Plant: perennial herb, diminutive, densely to sparingly wooly, the plant above ground level 3-12 cm tall; stems one to several from the base, erect or ascending Leaves: opposite, the petioles 1-7 mm long, the blades circular to broadly elliptic, 1.5-5 cm long, 1-5.5 cm broad, obtuse, rounded or subcordate at the base, obtuse to rounded or truncate at the apex, apiculate INFLORESCENCE: UMBELS lateral but overtopping the leaves and appearing terminal, 3-5 cm broad, the peduncles 2-8 cm long Flowers: small; calyx lobes 2-3 mm long; corolla purple-pink, the lobes 4-6 mm long; hoods pinkish to yellowish, erect-ascending, obovoid-triangular, widening upward to a truncate apex, 2.2-3 mm long along the dorsal surface, 1.6-2.2 mm broad at the top, about as long as the gynostegium, the horns radially flat, variably attached from the lower to the upper portion of the hoods, triangular to sickle-shaped, abruptly incurved and exserted ca. 1 mm; anther wings 1-1.2 mm long; corpusculum 0.2-0.3 mm long, the pollinia 0.5-0.6 mm long Fruit: FOLLICLES erect on deflexed pedicels, 4-6 cm long Misc: Oak and conifer woodlands, grasslands; 1200-1600 m (4000-5200 ft); Mar-May REFERENCES: Sundell, Eric. 1994. Asclepiadaceae. J. Ariz. - Nev. Acad. Sci. Volume 27, 169-187.
Sundell 1993, Woodson 1954, Kearney and Peebles 1969, Nabhan et al 2015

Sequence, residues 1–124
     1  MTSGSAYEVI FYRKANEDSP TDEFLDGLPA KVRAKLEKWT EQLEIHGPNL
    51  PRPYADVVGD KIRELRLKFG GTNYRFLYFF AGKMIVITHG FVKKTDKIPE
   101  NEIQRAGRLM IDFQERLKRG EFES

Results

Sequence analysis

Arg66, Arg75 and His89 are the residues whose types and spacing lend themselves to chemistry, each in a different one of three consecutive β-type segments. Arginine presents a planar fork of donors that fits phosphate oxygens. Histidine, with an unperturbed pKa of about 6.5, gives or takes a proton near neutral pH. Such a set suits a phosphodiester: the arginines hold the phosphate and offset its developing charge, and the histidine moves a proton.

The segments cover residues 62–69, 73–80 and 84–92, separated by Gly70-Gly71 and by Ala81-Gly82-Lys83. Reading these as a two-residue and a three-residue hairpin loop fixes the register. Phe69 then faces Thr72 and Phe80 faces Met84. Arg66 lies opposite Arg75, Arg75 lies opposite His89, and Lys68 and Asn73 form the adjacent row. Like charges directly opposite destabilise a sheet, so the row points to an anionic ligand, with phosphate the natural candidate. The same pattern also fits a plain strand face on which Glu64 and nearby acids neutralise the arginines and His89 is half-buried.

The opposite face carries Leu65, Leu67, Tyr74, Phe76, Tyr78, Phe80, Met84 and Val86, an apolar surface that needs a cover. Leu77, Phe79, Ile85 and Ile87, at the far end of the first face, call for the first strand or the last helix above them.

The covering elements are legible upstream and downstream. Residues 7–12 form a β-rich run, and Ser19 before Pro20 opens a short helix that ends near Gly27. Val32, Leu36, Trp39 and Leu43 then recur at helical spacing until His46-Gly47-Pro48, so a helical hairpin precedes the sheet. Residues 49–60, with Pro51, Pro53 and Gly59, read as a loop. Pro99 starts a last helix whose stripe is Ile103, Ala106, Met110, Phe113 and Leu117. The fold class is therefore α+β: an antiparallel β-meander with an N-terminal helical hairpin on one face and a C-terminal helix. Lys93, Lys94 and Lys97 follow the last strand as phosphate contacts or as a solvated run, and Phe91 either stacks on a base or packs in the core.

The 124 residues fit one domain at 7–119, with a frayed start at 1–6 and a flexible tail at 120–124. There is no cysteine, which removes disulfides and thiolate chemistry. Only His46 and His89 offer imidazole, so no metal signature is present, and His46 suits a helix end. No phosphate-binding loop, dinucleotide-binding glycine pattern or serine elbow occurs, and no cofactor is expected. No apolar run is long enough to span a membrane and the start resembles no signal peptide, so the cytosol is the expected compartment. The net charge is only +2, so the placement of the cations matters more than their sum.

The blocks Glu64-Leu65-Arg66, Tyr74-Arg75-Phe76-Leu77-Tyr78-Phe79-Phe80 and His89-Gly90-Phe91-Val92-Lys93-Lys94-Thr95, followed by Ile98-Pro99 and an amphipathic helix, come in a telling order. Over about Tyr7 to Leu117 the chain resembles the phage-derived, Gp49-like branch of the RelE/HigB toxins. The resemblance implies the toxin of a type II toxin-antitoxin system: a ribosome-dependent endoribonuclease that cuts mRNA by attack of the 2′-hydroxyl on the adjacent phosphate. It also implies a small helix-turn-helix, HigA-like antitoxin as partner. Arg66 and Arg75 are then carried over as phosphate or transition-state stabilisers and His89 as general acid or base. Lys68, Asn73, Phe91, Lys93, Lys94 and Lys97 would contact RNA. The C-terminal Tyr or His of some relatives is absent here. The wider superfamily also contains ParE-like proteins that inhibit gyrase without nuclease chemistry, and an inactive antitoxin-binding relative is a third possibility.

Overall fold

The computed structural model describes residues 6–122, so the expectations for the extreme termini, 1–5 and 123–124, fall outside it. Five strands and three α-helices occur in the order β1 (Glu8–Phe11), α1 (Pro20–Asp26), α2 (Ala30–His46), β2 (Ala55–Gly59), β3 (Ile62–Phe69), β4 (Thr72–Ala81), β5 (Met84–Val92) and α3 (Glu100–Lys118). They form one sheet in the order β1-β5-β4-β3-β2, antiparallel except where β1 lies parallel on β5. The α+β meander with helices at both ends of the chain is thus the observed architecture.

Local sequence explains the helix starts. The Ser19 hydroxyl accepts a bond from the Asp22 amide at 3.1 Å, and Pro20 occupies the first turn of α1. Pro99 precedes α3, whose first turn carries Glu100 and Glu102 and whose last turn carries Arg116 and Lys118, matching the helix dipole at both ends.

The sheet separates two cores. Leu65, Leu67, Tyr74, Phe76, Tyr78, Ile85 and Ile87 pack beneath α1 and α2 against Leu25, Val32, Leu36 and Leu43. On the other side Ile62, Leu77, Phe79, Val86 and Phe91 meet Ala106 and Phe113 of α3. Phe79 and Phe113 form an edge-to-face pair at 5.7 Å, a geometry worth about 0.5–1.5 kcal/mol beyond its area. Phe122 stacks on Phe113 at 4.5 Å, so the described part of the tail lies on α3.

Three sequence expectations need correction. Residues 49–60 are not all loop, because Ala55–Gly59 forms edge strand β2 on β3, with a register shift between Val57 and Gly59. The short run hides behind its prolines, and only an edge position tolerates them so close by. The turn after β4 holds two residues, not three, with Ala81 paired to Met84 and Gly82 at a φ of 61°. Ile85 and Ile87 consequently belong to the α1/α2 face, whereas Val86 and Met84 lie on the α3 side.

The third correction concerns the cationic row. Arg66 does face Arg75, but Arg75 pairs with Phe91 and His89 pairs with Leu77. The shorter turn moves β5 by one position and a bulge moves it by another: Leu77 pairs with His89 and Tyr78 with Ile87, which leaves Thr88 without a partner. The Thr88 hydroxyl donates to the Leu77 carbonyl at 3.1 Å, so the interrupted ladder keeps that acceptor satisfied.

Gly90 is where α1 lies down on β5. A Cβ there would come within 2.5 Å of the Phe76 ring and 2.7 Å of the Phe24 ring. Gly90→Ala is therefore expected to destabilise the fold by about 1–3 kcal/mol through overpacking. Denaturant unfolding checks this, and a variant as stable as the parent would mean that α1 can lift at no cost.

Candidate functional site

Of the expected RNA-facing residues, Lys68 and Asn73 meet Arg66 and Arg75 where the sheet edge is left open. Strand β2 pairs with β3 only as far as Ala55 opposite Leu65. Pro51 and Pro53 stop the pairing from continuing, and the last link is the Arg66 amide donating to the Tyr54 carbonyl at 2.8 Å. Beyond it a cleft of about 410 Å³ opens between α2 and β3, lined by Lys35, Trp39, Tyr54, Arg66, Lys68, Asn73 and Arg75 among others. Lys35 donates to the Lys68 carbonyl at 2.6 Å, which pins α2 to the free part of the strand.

Duration: Perennial Nativity: Native Lifeform: Forb/Herb General: Low growing and diminutive herbaceous perennials generally 12 cm tall or less, stems 1-several from the base, erect to ascending, herbage lanate-tomentose, at least when young, plants sometimes appearing to have no stem, however the peduncles are often much longer than the leaves. Leaves: Opposite, in 2-4 pairs, broadly ovate to suborbicular, 1.5-5 cm long, usually wider than long, tips rounded and apiculate, bases rounded to subcordate, often crowded near the base of the stems. Flowers: Small, corolla lobes purplish-pink, 4-6 mm long, calyx lobes 2-3 mm long, hoods pinkish to yellowish, erect to ascending, obovoid-triangular, widening upward to a truncate apex, 2-3 mm long along the dorsal surface, 1.5-2 mm broad at the top, crested within a horn-like appendage, the horns radially flat, variably attached from the lower to the upper portion of the hoods, triangular to sickle-shaped, abruptly incurved and exserted ca. 1 mm, usually reflexed in anthesis, flowers borne in lateral umbels, these sometimes over topping the leaves and appearing terminal. Fruits: Ovoid, lanceolate, or fusiform follicles, 4-6 cm long, these erect on deflexed pedicels. Ecology: Found on dry mesas and slopes, grasslands, oak and conifer woodlands, from 3,000-5,000 ft (914-1524 m); flowering March-June. Distribution: Limited to the Big Bend region and into southeastern Arizona, then into the Mexican Highlands. Notes: This species is similar to Asclepias cryptoceras, look to the short stems generally less than 10 cm tall, with the leaves crowded towards the base of the stems, along with the purplish corolla lobes in A. nummularia to distinguish this species. A. cryptoceras has stems 15-20 cm long, with leaves all along the stems and yellowish corolla lobes. Ethnobotany: There is no specific use recorded for the species, but an infusion of the roots of the genus was used to treat epilepsy, kidney trouble, syphilis, and Bright's disease, the gum of the plant was used for insect stings, and the leaves used for stomach pains. The seeds were ground into flour, and the leaves and young plants were used as greens. Etymology: Asclepias is named for the Greek God of healing Asklepios, while nummularia means resembling a coin, nummus, often applied to plants with small, almost circular leaves. Synonyms: None Editor: LCrumbacher 2011, SBuckley 2014, AHazelton 2015